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10 minutes ago, barcelonaman said:

Ferret you have summed up my doubts.

I dont want it to fail and once they connect it to my house i will pay a year in advance.

Would rather have a reliable system with all the kinks resolved than be an early adopter with all inherent risks.

 

However, the early adopters/payupfronters don't seem to think it will happen at all unless enough people want it badly enough to pay up front, which leaves the matter going 'round in a circle.

Otherwise, I feel as you do.  I would not be willing to pay  year in advance, though, and many others couldn't do so for budgetary reasons.

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They have enough prepaid subscribers to begin, and they have promised to return monies if it can't go through. Their website is chock-full of contracts indicating their solidity, and explanations of how it will all come together. But is is a leap of faith no matter how one looks at it.

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1 hour ago, ComputerGuy said:

.......But is is a leap of faith no matter how one looks at it.

Sort of like a lot of things when discussing living in Mexico, eh?

While I don’t have a horse in this race, some thoughts.....  Everyone has their own comfort zone (and financials) when it comes to doing things. We make decisions based on, sometimes, no idea of how future decisions will affect them. Wasn’t that long ago that folks felt perfectly comfortable bringing their foreign plated cars to Mexico (forever) only to have Immigration laws change that potentially negated that option. The option of buying a home in Mexico has at least ‘some’ potential of being ‘cause for concern’ in the future. 

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8 minutes ago, RickS said:

Sort of like a lot of things when discussing living in Mexico, eh?

While I don’t have a horse in this race, some thoughts.....  Everyone has their own comfort zone (and financials) when it comes to doing things. We make decisions based on, sometimes, no idea of how future decisions will affect them. Wasn’t that long ago that folks felt perfectly comfortable bringing their foreign plated cars to Mexico (forever) only to have Immigration laws change that potentially negated that option. The option of buying a home in Mexico has at least ‘some’ potential of being ‘cause for concern’ in the future. 

Good points, RickS.  The decision to move to Mexico for retirement is the really high risk gamble. After that, it's a series of leaps of faith right down to the present, where we have no certain assurance that the Mexican government won't do to us non-citizens what the U.S. government is doing to Mexican born non-citizens.  We have no certainty that we won't have to grab what we can throw in the car and head back to the NOB, thus losing the homes we own.  If we're renters, we don't know if our landlord will decide to evict us and put a favored nephew in the house.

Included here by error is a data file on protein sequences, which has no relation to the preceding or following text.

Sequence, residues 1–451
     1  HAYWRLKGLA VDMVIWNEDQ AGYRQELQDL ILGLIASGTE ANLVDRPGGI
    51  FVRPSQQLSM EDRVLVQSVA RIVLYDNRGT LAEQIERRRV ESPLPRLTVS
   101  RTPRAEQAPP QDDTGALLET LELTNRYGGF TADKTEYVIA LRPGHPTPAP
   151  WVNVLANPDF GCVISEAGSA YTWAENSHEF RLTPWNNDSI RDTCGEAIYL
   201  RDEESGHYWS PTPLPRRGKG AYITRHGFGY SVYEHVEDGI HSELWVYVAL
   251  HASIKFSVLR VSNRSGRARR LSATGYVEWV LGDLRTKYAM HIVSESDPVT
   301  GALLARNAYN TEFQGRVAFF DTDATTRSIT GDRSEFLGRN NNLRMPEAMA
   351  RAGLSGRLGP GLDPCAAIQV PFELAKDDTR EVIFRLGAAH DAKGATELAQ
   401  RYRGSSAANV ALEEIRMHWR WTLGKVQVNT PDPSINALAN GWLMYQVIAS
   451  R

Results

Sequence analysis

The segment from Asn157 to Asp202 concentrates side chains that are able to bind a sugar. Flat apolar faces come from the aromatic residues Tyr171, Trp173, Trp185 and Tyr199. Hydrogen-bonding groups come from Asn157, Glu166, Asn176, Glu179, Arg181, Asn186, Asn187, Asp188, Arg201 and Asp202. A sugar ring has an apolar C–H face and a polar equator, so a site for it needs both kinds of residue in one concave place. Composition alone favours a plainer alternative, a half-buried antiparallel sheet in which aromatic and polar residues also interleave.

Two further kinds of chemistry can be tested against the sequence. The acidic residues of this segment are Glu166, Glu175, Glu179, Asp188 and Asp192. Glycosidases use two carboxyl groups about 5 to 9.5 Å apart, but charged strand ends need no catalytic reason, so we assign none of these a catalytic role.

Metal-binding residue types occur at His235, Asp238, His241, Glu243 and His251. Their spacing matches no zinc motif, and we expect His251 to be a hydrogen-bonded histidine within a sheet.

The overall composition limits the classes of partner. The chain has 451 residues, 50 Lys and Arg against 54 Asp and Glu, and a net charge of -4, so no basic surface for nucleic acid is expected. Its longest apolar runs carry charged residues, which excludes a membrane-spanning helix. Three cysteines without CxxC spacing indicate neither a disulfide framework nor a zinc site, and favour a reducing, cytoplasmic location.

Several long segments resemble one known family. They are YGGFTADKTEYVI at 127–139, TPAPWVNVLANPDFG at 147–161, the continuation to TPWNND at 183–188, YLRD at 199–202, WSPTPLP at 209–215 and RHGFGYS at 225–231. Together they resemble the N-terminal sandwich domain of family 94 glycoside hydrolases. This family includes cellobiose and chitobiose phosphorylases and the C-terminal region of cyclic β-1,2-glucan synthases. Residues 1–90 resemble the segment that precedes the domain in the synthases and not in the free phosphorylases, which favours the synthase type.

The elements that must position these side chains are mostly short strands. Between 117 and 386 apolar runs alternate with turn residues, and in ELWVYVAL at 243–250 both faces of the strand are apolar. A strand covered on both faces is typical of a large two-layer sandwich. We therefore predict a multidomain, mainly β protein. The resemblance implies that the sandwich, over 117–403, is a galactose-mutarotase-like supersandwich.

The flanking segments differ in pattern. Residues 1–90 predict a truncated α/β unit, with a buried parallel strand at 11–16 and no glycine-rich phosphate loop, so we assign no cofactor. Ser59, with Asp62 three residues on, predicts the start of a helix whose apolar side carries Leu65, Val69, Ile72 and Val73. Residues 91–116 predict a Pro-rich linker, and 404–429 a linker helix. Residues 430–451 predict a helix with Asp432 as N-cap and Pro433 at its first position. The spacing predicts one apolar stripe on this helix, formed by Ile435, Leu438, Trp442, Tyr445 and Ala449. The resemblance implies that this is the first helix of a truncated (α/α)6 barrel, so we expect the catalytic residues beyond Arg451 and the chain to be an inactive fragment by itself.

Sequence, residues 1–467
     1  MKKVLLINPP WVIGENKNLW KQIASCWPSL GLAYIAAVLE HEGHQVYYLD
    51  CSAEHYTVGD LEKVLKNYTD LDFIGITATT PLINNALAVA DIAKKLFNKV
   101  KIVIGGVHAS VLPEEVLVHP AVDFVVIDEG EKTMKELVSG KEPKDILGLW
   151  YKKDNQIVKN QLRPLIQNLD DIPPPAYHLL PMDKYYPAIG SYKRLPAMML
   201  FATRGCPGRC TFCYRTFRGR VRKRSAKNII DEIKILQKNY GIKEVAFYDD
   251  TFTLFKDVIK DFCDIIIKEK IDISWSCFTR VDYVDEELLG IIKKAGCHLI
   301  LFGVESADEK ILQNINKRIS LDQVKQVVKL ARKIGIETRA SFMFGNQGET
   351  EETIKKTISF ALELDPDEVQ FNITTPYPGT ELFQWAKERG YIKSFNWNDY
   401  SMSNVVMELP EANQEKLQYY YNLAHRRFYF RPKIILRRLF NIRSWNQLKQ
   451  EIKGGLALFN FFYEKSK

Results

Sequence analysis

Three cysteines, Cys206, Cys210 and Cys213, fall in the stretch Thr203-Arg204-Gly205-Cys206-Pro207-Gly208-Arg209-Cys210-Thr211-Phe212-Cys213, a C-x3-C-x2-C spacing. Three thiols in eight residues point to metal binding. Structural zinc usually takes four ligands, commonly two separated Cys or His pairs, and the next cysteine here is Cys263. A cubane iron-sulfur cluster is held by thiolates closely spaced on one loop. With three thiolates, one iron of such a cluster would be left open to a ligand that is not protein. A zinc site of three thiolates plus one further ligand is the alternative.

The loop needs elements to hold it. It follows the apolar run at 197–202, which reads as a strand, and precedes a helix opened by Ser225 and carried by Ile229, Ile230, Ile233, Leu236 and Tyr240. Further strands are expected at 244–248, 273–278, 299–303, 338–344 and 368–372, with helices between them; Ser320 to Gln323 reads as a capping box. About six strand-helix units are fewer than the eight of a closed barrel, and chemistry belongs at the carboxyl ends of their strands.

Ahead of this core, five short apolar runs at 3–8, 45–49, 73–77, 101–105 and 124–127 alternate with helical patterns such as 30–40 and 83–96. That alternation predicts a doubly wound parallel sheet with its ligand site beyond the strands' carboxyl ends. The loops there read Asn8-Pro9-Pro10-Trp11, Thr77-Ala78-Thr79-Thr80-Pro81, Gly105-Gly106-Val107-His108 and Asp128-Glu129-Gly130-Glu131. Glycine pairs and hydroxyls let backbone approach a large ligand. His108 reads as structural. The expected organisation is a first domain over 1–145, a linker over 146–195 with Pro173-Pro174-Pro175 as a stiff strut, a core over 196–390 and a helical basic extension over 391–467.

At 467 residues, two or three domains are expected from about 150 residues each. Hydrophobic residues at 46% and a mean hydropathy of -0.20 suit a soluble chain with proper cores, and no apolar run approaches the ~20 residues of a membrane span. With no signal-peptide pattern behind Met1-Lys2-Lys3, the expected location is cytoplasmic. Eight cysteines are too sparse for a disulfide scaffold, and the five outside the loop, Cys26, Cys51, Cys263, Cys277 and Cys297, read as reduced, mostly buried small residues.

However, the matter of little decisions like the fiber optics issue depends on whether one has the extra cash in the first place and whether one wishes to spend it in that way.  Not such a big deal.

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10 hours ago, Honorandfaith said:

Rick S..... Big diff. We are not ILLEGALLY IN THE COUNTRY. 

No, we're not. (No need to shout with caps.)  But the Mexican government can change laws at their will, just as they have already made higher income requirements, regulation about foreign plated cars, rules about non-involvement in Mexican political affairs which, if not followed, can lead to deportation and many, many other matters.  (A friend of mine did get vocal and was deported without recourse).  In other words, don't delude yourself.  We are here on sufferance.

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15 hours ago, Honorandfaith said:

Rick S..... Big diff. We are not ILLEGALLY IN THE COUNTRY. 

Honor and faith.... might want to make sure that you are quoting the right person. I never said you were illegal, but I get your political drift.

RickS

 

 

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31 minutes ago, RickS said:

Honor and faith.... might want to make sure that you are quoting the right person. I never said you were illegal, but I get your political drift.

RickS

I think she was addressing my statement, which I should have clarified further re what governments can do to residents, legal or illegal, depending on and what official policy and rules created may be.